Mexico plays hardball in jailing of union boss
The Associated Press | February 28,2013
MEXICO CITY — The arrest of Mexico’s most powerful union leader echoes the hardball tactics of Mexico’s once-imperial presidency while pushing forward an education reform that Enrique Pena Nieto has made a centerpiece of his new administration.
Elba Esther Gordillo, known for flashing her Hermes handbags and heels, stood behind bars Wednesday in a grim prison in eastern Mexico City as a judge read off charges of embezzlement and organized crime. The arrest sidelined a woman who had tried to mobilize teachers to block a schools shake-up designed to end her control over hiring and firing of teachers across the country.
It also sent a message to other union bosses and business magnates: Don’t get in the way of Pena Nieto, whose Institutional Revolutionary Party has newly returned to the power it held for seven straight decades, when incoming presidents often crushed those who challenged them.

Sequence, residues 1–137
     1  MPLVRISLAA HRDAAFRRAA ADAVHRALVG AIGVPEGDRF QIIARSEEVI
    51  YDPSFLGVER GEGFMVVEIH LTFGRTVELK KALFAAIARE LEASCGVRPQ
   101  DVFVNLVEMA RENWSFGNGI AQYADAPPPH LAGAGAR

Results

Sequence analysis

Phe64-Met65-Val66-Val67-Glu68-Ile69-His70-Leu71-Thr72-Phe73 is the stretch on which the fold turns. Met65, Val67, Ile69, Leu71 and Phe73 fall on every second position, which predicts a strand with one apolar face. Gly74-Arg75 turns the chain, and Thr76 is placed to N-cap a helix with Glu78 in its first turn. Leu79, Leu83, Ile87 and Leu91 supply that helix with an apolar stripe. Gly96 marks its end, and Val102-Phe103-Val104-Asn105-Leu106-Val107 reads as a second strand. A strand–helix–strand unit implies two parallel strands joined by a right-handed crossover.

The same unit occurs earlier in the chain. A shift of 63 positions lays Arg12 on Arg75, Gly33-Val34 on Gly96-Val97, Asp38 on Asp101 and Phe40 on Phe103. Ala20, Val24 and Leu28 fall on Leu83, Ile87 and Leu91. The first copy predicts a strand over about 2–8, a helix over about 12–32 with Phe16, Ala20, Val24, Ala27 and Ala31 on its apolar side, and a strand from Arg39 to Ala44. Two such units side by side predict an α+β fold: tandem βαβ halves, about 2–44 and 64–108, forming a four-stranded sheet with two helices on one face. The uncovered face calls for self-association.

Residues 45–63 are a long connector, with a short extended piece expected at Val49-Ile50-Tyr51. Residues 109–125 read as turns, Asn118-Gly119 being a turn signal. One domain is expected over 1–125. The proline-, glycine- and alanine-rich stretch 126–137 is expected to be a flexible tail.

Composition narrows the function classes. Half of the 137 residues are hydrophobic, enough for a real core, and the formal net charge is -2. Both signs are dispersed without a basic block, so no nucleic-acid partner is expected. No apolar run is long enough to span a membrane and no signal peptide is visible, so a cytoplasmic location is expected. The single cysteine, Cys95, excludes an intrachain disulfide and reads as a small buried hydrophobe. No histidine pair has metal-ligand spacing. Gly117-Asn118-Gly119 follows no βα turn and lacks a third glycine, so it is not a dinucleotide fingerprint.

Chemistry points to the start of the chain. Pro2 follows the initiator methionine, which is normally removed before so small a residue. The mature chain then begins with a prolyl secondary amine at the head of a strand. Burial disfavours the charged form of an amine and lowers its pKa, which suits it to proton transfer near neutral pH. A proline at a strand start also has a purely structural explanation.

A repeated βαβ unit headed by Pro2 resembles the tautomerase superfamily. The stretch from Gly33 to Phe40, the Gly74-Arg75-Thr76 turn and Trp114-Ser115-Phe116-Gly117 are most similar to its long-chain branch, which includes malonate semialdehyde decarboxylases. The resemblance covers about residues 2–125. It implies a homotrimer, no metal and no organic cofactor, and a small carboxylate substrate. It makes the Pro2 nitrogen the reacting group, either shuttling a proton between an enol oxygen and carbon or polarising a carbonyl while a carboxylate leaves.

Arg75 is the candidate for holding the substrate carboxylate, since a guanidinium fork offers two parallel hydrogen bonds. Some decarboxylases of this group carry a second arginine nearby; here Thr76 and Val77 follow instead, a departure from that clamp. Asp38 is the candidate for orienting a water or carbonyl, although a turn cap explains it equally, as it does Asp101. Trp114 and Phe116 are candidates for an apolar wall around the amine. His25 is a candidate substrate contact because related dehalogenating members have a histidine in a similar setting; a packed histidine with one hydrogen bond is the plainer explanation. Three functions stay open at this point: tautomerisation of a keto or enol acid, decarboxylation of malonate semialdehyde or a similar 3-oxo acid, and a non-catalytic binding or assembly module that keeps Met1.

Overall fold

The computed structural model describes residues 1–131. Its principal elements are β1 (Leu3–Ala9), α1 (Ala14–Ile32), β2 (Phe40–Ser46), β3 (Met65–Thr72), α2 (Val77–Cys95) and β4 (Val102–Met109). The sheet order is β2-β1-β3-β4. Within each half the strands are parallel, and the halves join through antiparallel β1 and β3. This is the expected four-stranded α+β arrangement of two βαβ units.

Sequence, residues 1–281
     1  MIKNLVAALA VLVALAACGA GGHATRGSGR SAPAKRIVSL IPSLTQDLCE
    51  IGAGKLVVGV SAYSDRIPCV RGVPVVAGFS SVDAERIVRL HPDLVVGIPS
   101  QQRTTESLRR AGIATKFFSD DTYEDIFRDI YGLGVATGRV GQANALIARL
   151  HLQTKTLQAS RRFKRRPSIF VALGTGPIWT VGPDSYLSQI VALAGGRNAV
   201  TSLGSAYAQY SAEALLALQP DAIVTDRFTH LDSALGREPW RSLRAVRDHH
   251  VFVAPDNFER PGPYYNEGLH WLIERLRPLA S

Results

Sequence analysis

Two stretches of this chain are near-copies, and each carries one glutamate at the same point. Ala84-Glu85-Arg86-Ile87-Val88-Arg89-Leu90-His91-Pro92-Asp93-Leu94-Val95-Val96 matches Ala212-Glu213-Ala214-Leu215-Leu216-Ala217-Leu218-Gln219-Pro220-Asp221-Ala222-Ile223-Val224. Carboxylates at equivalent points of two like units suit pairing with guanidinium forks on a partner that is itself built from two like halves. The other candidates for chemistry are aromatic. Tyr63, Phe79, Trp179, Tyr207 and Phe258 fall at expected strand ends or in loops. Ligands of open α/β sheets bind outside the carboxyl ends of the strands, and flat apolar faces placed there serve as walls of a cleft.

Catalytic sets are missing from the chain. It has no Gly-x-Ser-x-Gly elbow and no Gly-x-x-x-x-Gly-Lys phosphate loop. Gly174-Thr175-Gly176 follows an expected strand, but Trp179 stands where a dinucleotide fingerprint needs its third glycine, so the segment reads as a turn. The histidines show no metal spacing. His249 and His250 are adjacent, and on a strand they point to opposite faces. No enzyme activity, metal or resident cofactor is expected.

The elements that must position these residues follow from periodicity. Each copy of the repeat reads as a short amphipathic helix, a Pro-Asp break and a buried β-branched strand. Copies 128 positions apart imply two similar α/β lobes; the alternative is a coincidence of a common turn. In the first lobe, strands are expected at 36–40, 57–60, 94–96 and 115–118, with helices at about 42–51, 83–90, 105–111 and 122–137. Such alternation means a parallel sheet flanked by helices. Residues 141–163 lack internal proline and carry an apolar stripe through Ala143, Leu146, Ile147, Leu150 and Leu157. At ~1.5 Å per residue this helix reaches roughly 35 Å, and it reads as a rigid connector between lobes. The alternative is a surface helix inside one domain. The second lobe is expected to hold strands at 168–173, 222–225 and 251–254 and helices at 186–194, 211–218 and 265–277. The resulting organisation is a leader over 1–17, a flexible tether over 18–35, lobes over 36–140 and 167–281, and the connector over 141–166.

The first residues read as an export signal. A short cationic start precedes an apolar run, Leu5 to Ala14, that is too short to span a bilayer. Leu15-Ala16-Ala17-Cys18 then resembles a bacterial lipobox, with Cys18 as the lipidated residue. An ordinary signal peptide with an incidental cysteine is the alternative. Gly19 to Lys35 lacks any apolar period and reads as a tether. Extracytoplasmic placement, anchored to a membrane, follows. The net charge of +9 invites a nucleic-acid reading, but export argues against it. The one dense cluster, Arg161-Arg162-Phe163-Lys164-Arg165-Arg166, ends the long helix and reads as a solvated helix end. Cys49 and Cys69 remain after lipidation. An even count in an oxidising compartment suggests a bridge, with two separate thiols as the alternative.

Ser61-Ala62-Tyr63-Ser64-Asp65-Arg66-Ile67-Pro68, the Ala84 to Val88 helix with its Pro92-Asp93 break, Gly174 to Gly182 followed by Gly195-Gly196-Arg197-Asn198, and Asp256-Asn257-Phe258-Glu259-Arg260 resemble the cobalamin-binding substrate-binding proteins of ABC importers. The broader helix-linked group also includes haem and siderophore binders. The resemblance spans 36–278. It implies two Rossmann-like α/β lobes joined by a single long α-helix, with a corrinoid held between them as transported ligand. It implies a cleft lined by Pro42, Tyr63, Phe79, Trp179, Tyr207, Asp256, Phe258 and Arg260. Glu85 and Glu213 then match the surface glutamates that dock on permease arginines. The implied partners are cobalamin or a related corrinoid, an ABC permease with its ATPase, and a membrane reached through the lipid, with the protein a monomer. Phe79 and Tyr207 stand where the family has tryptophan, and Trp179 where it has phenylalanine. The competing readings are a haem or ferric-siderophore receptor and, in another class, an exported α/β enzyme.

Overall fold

“This is an old tactic, let’s hope that it doesn’t just stop there, as it did in the past, when a single case was enough to calm things down and add legitimacy” to presidential power, said Jose Antonio Crespo, an analyst at the Center for Economic Studies. “Let’s hope this doesn’t stop and that it becomes something more systematic, for which there is a burning need.”
Crespo was referring to the business magnates and union bosses who have built fortunes and political power by dominating whole sectors of the economy. Like Gordillo, their resistance could be an obstacle to Pena Nieto’s pledges to modernize and open up Mexico’s economy.
But the tough message of Tuesday’s arrest may have been enough.
Gordillo, whose 1.5 million-member National Union of Education Workers organized protests against Pena Nieto’s education reform signed into law this week, was pulled off a plane arriving from San Diego late Tuesday and taken to Mexico City’s women’s prison.
It was a dizzying fall from power for a woman often credited with swinging a presidential election and who maintained properties worth millions of dollars in Southern California.